“I am a grateful woman, for my sons’ love, and my second chance to make amends for my self-centered years,” she said. “I was not always there for my children because of my addictions. My middle son, Roddy, passed away from cystic fibrosis at age 3.”

Pausing from the interview, Thorslund gets up to take down a framed wall collage of photos she had made of Roddy. She gazes at the photos, and says, “My third son I named Seth, which translated from Hebrew means ‘to compensate for.’”

Her son, Seth Thorslund, writes, “As long as I can remember my Ma has been doing for others in the most selfless and graceful manner, and I am not just saying that because she birthed me. She has dedicated her life to serving others and I can only hope and pray I am able to find and utilize that spirit of service within myself. My Ma is my hero.”

In 1986, Judy Yeakel and Thorslund founded Genesis house on South Whidbey to help battered women and their children. Yeakel bought the house and Thorslund managed it. It was a house of hospitality.

Thorslund says Yeakel was a mentor and dear friend of hers, and introduced her to Dorothy Day’s philosophy, which focuses on the dignity of every human being.

“With both Judy Yeakel and Dorothy Day as mentors, it only made sense to me that one of our missions on this planet is to serve the poor,” Thorslund said.

In 2000 when her youngest son graduated and moved away, she relocated to Rochester, New York, and volunteered for 10 years at the Catholic Worker House of hospitality.

“It was fulfilling to volunteer full time, feeding the poor and homeless, and rehabbing abandoned houses and creating homes for those without shelter,” she said.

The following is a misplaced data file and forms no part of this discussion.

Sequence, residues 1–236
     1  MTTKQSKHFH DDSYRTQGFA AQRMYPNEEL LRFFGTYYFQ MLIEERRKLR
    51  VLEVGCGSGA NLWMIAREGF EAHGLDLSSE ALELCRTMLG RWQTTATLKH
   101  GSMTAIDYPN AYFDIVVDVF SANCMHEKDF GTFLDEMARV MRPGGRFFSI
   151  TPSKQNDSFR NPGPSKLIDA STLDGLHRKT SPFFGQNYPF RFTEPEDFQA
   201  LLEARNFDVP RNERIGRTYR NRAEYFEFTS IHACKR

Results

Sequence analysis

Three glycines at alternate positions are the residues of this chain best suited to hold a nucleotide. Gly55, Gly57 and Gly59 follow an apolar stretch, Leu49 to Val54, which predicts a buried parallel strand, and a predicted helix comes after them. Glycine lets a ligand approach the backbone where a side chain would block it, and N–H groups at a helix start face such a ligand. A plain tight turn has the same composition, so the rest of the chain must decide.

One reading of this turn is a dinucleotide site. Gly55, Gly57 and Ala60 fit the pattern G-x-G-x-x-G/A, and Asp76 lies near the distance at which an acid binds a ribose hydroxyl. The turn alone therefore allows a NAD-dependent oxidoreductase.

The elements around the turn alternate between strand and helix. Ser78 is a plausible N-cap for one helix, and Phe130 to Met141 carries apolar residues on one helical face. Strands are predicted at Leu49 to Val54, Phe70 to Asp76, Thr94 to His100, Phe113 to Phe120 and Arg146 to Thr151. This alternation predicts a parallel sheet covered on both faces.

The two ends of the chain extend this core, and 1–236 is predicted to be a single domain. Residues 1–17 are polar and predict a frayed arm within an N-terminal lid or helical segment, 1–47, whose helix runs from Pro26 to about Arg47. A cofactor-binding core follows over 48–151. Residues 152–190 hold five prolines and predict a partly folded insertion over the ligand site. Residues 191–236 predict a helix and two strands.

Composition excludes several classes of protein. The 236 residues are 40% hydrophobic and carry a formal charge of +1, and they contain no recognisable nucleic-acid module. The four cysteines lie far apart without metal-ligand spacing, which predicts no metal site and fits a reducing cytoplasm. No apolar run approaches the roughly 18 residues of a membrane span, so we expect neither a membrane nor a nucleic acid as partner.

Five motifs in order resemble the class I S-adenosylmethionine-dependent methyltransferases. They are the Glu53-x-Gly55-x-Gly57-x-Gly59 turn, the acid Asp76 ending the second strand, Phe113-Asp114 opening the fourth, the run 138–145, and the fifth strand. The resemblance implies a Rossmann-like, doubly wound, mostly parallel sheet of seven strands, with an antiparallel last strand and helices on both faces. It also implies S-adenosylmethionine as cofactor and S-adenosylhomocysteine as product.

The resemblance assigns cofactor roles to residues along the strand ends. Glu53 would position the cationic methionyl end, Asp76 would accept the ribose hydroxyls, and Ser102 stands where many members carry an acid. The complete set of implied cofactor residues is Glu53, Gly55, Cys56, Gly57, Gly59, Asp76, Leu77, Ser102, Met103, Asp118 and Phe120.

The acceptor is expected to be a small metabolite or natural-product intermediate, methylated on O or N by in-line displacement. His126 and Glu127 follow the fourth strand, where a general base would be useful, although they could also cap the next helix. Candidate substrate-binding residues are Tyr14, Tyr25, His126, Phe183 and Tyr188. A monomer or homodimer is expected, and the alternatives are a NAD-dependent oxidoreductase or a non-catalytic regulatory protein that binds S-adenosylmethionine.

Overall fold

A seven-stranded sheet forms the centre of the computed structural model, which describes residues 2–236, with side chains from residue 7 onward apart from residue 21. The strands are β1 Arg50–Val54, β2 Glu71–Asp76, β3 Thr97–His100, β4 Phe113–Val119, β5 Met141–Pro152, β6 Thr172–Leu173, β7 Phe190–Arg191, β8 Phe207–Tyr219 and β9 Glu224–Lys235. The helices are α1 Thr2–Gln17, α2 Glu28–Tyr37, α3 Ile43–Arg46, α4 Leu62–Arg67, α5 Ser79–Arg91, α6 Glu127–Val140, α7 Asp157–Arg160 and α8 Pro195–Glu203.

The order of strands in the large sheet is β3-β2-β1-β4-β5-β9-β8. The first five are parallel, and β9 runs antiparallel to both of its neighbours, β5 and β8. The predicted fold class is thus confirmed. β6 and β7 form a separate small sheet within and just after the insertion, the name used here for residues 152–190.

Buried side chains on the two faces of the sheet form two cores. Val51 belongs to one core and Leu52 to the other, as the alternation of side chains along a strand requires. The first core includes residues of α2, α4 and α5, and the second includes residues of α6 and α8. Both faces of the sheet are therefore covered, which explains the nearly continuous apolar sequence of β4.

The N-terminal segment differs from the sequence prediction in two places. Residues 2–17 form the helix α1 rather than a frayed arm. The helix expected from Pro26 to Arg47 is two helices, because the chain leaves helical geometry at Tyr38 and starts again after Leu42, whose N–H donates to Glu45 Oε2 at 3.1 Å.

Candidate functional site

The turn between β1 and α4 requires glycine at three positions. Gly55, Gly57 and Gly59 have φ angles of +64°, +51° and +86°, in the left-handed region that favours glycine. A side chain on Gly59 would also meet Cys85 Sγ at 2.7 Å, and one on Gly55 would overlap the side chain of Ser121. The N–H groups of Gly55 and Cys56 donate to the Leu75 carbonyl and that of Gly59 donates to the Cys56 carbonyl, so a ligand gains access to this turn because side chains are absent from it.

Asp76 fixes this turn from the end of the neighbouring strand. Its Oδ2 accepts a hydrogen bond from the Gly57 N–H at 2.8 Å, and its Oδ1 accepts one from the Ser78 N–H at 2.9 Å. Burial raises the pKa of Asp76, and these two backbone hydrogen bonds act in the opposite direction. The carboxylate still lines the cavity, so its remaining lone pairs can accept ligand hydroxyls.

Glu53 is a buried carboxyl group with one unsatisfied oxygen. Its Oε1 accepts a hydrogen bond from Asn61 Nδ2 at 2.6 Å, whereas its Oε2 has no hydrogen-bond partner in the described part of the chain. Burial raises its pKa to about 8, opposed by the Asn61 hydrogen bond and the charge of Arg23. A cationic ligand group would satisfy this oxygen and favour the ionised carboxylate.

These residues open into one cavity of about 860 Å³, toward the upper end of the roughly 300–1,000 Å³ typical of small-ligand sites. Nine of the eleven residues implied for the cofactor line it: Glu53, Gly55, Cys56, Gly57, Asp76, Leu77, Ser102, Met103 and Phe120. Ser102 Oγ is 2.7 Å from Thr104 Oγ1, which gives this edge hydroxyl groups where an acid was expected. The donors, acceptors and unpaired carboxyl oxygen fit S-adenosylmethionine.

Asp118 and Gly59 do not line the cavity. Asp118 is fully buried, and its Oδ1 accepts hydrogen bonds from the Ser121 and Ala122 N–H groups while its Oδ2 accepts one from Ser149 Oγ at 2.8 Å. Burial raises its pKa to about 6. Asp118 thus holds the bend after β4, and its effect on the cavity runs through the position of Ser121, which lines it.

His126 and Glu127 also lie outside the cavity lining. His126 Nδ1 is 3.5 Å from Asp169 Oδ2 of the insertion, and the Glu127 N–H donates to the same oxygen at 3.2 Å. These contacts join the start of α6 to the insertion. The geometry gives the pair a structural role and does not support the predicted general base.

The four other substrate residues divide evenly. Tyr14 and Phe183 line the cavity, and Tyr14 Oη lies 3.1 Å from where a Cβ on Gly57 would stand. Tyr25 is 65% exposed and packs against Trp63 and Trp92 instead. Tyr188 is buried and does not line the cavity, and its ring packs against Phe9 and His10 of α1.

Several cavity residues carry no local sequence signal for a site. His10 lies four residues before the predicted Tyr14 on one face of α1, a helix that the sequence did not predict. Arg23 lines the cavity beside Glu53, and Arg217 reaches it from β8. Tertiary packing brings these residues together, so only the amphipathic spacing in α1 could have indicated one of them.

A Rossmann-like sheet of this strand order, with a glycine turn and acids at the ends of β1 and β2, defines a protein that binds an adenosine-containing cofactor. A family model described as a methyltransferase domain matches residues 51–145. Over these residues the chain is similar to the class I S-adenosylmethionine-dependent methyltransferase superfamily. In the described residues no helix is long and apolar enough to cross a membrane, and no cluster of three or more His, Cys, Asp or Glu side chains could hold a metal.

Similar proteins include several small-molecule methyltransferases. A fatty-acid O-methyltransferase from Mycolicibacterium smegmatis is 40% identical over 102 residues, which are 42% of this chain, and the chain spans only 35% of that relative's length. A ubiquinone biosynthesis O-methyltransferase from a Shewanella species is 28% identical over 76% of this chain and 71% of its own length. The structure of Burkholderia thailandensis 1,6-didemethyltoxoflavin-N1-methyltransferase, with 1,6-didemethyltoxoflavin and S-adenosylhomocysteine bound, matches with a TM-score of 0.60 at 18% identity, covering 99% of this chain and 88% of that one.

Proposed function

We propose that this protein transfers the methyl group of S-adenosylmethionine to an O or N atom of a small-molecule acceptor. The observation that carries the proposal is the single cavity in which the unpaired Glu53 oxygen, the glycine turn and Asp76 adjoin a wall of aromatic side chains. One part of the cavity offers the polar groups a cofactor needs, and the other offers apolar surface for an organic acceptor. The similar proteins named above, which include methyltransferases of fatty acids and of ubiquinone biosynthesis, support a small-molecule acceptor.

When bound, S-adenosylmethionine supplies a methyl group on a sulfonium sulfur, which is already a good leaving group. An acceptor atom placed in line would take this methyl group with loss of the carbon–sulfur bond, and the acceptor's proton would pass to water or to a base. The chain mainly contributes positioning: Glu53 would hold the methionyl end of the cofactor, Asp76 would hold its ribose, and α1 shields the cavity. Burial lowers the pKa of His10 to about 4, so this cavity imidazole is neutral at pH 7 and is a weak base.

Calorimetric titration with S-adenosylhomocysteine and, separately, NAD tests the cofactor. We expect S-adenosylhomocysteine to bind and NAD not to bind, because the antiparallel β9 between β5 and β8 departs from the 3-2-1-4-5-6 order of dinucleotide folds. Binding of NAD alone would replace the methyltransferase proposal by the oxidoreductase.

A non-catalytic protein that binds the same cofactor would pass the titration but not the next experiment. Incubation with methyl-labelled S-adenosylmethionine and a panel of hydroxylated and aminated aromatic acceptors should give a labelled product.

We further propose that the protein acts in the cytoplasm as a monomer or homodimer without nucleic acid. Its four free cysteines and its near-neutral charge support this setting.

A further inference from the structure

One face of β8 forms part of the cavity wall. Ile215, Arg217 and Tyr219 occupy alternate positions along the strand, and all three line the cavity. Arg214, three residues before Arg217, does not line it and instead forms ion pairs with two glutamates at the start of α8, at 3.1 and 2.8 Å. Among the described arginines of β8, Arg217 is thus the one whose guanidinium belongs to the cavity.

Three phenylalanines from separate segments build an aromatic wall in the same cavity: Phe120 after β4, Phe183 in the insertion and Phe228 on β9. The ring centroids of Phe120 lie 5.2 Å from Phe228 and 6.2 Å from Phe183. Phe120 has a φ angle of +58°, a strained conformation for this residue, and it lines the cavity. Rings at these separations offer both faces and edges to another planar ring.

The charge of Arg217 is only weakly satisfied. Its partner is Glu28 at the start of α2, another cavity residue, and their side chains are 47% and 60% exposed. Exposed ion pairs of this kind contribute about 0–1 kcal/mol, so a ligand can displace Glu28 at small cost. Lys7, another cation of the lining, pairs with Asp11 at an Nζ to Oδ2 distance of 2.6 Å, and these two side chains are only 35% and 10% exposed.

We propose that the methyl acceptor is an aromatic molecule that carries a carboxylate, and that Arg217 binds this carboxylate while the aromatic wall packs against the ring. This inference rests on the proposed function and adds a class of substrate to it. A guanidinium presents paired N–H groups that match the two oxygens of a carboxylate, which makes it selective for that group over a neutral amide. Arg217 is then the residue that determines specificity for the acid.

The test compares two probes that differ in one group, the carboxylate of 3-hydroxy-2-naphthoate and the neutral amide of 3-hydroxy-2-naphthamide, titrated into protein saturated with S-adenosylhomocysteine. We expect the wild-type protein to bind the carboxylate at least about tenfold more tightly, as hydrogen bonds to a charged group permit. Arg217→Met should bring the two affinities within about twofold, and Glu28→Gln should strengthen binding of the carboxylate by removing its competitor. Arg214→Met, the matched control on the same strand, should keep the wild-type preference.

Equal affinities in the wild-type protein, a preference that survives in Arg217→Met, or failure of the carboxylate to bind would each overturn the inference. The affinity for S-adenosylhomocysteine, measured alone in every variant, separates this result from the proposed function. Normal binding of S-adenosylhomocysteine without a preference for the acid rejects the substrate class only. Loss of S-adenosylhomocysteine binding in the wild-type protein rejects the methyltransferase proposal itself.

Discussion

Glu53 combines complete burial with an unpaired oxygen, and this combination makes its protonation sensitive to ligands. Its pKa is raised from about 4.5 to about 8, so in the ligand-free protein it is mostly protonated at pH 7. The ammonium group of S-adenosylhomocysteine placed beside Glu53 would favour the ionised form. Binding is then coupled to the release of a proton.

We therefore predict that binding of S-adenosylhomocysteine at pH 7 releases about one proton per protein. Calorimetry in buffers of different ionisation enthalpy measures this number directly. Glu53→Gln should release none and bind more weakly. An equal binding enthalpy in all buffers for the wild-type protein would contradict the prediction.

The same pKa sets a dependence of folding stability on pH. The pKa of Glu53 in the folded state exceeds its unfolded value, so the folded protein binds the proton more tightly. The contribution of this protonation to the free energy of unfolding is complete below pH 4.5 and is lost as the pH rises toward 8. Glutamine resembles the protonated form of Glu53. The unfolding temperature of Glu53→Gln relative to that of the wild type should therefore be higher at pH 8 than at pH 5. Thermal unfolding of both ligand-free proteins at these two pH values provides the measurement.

Thorslund loved it with all her heart, but in 2010 felt a strong pull to return to South Whidbey. Judy believes now that the reason she felt compelled to return ‘home’ was to join the recently formed coalition to end homelessness.

“I get teary eyed when I think back [to] when I was in a very abusive relationship,” says Trina Sanders, a former resident of the house. “It was a difficult decision to leave the relationship, because I had no money, no car, no job, and no home to go to. All I knew was I had to get away and keep my two small children safe.”

For Sanders, it seemed like a fairy tale dream at the time, and she almost gave up, but instead got connected to Thorslund and Genesis House.

“She was our angel; she helped me find work, regain confidence, trust, hope, a job, and helped me get on my feet,” Sanders said. “I honestly don’t know what I and my two young boys would have done without Judy and the house of hospitality at Genesis House.”

Genesis House is no longer around, but there are other places on South Whidbey for the homeless, Thorslund said.

“The Calvary Church here, bless them, has a small place for homeless — a family at a time — but we need more space,” she said. “We need more options, and our coalition will find those options.”

“Everyone deserves warm shelter, food and love,” said Thorslund, as she stands up with her arms outstretched. “Just as I am so very blessed to have here with my apartment.”

Maureen Murphy, owner of Bayview Farm & Garden, has known Thorslund for 30 years and says she has a heart for people who are economically disadvantaged, people struggling with drug/alcohol issues, homeless youth and anyone who is just down on their luck.

“She is a champion for justice and has a heart bigger than the moon,” Murphy said. “Judy has given her life to her work of advocating for the underside of society, whoever that may be. Judy is the real deal. If there was ever an example of a person pouring out their life for others, and making amends to all, it is Judy Thorslund.”